NOAA Adds Alaska As Aquaculture Opportunity Area

Scientists check a longline outplanting of sugar kelp at an experimental site near Coghlan Island, Alaska. Photo: Mike Stekoll, University of Alaska, via NOAA Fisheries.

The National Oceanic and Atmospheric Administration on June 1 named Alaska as the third region nationwide for identifying areas for sustainable aquaculture development within coastal and marine waters.

These areas will be selected through engagement with tribes and the public, a process that allows constituents to share their community, tribal and stewardship goals for such development.

Alaska joins Southern California and the Gulf of Mexico in the Aquaculture Opportunity Areas (AOA) program through the multi-year partnership process involving NOAA.

During a previous comment period, NOAA received public support for aquaculture from Alaska Native organizations, the Alaska Department of Fish and Game, the state of Alaska, the Alaska Legislature and industry and research institutions.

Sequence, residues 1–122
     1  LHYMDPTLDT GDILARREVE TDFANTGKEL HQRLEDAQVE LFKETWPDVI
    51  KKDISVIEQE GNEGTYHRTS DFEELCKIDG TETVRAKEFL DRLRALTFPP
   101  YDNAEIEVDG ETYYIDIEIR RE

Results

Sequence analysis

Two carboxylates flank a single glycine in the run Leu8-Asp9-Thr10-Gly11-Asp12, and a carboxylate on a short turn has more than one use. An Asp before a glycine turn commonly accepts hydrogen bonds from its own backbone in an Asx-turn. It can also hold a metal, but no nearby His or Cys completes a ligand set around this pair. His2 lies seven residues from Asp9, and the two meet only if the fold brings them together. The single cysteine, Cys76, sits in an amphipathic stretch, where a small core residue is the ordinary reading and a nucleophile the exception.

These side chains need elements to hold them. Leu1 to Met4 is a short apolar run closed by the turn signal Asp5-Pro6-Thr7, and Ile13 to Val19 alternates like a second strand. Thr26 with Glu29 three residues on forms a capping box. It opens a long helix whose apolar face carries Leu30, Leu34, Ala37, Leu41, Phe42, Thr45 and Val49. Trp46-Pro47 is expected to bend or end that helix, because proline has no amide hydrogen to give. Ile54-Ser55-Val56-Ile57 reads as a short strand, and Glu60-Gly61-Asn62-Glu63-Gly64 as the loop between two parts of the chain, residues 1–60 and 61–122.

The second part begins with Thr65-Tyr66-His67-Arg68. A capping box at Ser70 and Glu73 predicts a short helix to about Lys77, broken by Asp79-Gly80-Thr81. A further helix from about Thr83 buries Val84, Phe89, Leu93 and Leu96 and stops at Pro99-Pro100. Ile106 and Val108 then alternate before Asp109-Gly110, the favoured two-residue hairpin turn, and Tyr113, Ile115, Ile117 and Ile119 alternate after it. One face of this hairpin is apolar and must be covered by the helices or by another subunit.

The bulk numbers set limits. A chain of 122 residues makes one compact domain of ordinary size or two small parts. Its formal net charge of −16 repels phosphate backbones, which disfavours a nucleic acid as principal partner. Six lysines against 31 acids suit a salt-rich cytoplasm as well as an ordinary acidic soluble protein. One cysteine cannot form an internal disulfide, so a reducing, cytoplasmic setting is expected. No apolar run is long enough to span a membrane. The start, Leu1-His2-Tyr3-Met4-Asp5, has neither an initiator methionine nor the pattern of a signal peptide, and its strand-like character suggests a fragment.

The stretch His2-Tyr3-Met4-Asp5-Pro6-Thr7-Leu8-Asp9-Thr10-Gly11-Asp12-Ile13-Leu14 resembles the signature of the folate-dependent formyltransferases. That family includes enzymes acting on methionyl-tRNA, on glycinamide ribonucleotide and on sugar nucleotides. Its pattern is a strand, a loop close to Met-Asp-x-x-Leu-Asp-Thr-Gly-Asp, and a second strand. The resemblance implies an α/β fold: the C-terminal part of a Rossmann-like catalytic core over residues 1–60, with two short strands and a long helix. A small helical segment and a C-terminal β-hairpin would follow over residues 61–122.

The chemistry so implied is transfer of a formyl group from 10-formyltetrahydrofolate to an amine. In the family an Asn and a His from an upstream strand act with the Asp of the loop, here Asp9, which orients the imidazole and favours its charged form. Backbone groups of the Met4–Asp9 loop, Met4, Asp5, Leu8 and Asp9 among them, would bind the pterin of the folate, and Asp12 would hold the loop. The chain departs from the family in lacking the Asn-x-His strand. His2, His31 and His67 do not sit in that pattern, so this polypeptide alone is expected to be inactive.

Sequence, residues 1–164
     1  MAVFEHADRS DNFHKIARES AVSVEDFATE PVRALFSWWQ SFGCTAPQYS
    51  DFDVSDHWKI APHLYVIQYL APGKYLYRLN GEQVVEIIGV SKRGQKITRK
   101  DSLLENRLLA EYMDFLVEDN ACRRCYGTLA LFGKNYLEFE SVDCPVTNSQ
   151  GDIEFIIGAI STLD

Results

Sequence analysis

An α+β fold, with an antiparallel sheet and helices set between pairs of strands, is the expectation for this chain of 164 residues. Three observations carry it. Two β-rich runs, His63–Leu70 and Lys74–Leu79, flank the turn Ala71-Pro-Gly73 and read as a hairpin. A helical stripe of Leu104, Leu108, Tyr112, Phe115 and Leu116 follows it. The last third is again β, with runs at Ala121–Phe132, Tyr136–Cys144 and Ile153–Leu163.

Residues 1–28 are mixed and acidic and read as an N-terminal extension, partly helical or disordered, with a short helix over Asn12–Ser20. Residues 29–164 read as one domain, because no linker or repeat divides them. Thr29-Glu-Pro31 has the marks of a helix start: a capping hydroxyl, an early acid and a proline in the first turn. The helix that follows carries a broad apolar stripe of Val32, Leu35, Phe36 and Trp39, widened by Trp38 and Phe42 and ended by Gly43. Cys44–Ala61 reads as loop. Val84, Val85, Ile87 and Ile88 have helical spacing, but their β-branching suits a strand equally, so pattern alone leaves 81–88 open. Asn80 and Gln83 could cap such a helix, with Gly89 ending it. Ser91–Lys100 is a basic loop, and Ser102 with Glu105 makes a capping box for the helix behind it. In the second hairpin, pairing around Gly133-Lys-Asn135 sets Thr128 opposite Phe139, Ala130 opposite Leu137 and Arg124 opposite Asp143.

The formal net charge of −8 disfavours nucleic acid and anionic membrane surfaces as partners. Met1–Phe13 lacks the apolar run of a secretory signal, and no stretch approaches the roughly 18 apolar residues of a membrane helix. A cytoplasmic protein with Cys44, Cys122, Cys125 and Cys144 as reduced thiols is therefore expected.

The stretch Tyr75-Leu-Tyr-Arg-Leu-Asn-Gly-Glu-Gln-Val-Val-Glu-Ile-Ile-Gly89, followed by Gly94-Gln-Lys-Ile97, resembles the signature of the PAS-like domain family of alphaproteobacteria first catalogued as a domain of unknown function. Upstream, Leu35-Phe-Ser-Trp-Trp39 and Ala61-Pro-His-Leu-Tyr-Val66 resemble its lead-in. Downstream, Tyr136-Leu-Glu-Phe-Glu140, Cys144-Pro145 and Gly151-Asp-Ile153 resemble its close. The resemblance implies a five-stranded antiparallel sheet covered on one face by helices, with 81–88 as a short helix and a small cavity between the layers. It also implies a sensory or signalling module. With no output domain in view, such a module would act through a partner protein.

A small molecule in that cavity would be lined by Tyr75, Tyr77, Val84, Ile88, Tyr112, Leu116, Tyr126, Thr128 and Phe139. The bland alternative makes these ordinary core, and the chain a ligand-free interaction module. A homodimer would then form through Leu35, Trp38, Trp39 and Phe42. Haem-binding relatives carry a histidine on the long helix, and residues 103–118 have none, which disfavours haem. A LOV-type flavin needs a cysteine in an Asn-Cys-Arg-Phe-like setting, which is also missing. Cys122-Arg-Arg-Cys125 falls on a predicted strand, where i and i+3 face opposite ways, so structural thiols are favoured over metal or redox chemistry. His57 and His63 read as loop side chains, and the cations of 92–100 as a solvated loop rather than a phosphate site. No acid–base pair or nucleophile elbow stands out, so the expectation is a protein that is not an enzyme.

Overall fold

With more coastline than all of the Lower 48 states combined, Alaska is uniquely positioned to benefit from a growing marine aquaculture industry, NOAA Fisheries Assistant Administrator Janet Coit said.

Identification efforts use the best available science, indigenous knowledge and collaboration with local communities to foster shellfish and seaweed aquaculture, benefiting Alaska’s Blue Economy, Coit said.

In 2022, aquaculture production sales in Alaska totaled $1.9 million, and the state is experiencing an increase in aquaculture permit applications, NOAA officials said. Aquaculture in AOAs support environmental, economic and social sustainability.

The identification process for AOAs focuses on Alaska state waters and does not include federal waters. NOAA has said that it would only consider marine invertebrates – like shellfish and sea cucumbers – and seaweed farming when identifying AOAs in Alaska. Finfish farming in Alaska state waters is prohibited by law.

Alaska will serve as a partner with NOAA in the design and identification of appropriate locations for AOAs and commercial aquaculture. Identification of these areas is also to be shaped through a public process with opportunities for public comment.

NOAA’s National Centers for Coastal Ocean Science is to provide support for AOA planning in Alaska through ecosystem modeling to help determine the best size and location for AOAs.

Identifying AOAs is helpful for prospective aquaculture growers to consider site selection and environmental analysis, but does not serve as a preapproval in the process. Prospective aquaculture growers still would have to go through comprehensive state and federal permitting processes.